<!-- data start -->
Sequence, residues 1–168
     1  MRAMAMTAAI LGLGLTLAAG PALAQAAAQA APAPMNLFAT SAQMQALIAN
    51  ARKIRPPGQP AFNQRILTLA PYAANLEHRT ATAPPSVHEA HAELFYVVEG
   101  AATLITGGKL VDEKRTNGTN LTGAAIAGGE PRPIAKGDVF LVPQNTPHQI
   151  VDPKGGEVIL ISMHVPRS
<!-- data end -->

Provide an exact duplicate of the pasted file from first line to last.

Sequence, residues 1–168
     1  MRAMAMTAAI LGLGLTLAAG PALAQAAAQA APAPMNLFAT SAQMQALIAN
    51  ARKIRPPGQP AFNQRILTLA PYAANLEHRT ATAPPSVHEA HAELFYVVEG
   101  AATLITGGKL VDEKRTNGTN LTGAAIAGGE PRPIAKGDVF LVPQNTPHQI
   151  VDPKGGEVIL ISMHVPRS